The UAE is the least corrupt nation in the Arab world, according to a report from Transparency International.
The UAE was ranked 25th out of 175 countries in the group’s perception of corruption list – the highest result in the Middle East and above France, Portugal, Poland, and Spain – showing that even developed European nations are not immune to graft.
The UAE advanced one place in the index, from 26th to 25th. But there is more work to be done, the group said.
“The UAE has scored highest among the Arab countries but it still has a long way to go,” said Kinda Hattar, the regional coordinator at Transparency International.
“In terms of national laws the UAE lacks a lot of legislation up to international standards,” Ms Hattar said. “There are limited access to information laws, no protection for whistleblowers, public officials are granted impunity and civil society is very weak. There’s also a lack of transparency in public sector procurement processes,” she said.
“In Gulf countries there have been very few initiatives to institutionalise anti-corruption practices – this is vital to prevent corruption” she added. “Countries need anti-corruption commissions that are independent, non-politicised, and which have substantial resources.”
A UAE Federal anti-corruption authority is in the works, however, with a draft law considered in 2003 that would create a corruption ombudsman based in Abu Dhabi.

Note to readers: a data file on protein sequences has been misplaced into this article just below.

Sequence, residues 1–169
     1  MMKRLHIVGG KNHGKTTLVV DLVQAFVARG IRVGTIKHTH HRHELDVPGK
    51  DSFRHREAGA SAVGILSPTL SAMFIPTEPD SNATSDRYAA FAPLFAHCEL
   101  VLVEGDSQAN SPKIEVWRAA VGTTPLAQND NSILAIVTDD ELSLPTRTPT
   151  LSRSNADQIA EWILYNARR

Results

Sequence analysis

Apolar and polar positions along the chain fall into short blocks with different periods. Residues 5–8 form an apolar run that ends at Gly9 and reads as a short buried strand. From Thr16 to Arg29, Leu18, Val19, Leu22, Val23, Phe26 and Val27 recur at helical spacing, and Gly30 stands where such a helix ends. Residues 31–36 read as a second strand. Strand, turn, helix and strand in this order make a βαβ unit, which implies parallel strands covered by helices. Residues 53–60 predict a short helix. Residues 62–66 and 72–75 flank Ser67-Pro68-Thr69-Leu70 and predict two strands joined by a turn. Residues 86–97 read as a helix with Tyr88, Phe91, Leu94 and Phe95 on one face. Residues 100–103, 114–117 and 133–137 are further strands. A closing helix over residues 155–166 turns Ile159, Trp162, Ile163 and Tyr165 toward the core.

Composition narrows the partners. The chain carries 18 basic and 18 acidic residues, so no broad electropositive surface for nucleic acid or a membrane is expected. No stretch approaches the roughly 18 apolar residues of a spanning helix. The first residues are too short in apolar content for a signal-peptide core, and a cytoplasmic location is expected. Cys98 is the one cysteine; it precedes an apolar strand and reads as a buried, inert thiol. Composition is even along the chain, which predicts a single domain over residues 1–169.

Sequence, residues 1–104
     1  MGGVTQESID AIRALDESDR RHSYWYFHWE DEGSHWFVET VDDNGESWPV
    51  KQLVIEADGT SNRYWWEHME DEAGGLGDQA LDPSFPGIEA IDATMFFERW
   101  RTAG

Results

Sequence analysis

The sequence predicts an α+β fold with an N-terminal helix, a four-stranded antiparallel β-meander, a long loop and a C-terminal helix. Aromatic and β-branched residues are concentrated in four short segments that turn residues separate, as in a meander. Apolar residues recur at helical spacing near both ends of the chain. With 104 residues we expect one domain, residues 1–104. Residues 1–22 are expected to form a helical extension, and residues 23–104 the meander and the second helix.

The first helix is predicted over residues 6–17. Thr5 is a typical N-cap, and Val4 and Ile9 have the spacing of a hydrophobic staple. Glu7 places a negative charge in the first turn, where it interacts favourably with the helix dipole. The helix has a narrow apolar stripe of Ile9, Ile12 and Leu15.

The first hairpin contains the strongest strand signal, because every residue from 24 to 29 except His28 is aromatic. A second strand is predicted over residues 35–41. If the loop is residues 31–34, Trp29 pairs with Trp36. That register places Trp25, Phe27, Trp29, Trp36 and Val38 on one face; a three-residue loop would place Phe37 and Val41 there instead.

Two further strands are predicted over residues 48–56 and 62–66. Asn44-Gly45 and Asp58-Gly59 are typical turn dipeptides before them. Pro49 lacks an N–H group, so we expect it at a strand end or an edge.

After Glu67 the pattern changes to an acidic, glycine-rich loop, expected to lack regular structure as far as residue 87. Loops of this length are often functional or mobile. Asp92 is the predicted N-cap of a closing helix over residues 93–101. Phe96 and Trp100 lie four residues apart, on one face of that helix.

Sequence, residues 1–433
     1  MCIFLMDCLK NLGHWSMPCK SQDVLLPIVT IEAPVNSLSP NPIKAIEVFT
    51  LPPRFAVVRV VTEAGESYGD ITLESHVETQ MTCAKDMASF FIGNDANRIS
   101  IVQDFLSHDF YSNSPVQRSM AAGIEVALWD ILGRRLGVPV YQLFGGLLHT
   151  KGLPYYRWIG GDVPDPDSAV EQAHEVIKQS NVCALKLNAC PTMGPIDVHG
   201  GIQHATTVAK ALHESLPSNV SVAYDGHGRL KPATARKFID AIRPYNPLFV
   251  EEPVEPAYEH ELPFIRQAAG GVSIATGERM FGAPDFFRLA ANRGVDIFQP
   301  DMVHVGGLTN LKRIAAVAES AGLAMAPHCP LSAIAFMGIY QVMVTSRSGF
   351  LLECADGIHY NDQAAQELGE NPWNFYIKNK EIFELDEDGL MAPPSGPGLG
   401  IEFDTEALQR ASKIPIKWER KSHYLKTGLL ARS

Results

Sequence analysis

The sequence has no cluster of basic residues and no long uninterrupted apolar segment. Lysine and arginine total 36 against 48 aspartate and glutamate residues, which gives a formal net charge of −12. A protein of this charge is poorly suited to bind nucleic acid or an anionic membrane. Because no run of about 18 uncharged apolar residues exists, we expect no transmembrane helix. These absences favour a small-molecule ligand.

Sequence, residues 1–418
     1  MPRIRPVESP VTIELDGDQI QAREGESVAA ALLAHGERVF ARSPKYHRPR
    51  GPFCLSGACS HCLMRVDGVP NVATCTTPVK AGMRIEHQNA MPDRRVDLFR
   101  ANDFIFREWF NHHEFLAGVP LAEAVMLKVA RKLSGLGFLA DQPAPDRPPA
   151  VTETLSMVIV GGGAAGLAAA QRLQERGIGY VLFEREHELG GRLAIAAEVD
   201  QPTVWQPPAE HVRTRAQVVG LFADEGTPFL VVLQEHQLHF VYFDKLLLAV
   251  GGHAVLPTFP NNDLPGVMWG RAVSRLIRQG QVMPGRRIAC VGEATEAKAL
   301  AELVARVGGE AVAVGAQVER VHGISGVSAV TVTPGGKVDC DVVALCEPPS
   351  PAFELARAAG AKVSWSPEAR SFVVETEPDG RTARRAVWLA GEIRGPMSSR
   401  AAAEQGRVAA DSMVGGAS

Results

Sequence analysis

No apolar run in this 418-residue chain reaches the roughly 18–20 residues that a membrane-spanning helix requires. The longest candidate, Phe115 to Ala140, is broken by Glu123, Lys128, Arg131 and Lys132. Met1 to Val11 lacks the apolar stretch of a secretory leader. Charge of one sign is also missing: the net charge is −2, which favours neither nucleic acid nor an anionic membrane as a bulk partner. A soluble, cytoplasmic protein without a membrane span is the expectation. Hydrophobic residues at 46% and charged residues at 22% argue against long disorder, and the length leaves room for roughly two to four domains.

The report singled out Iraq and Libya as illustrations of how a chaotic security situation can exacerbate corruption.
“Iraq and Libya tell a story of a region in turmoil plagued with geopolitical insecurity, rampant corruption and governments unwilling or unable to seriously make a clean break with their cronyism,” wrote Ghada Zughayar, the director for the Middle East and North Africa at Transparency International, in a blog post.
A recent Iraqi corruption investigation showed that 50,000 “ghost soldiers” were on the payrolls of the Iraqi army – fictitious names whose salaries went to senior officers, the prime minister, Haider Al Abadi said this week.
“Political corruption is the main challenge in the region. Ruling elites have concentrated power with small groups blurring the distinction of separation of powers, which spill into decision-making processes that affect millions of citizens,” Ms Zughayar wrote.
“Political elites in the region have systematically abused their authority and operate with often startling levels of impunity.
“They have safeguarded their personal interests through undue influence and networks of patronage.”
The UAE, however, also scores highly on the Global Competitiveness Index, which measures the ease of doing business in a country. In September, the country was ranked 12th globally, also earning the highest position in the Middle East.
The Transparency International report does not measure actual corruption but perceptions of corruption. It is based on expert opinion from a range of non-governmental organisations, think tanks, and research firms, including the Economist Intelligence Unit and the World Bank.
“The data sources used to compile the index include questions relating to the abuse of public power and focus on: bribery of public officials; kickbacks in public procurement; embezzlement of public funds; and the strength and effectiveness of public sector anti-corruption efforts,” the report said.
“The index score, therefore, provides a reflection on the general state of corruption as faced by ordinary people, as well as businesses in a country.”
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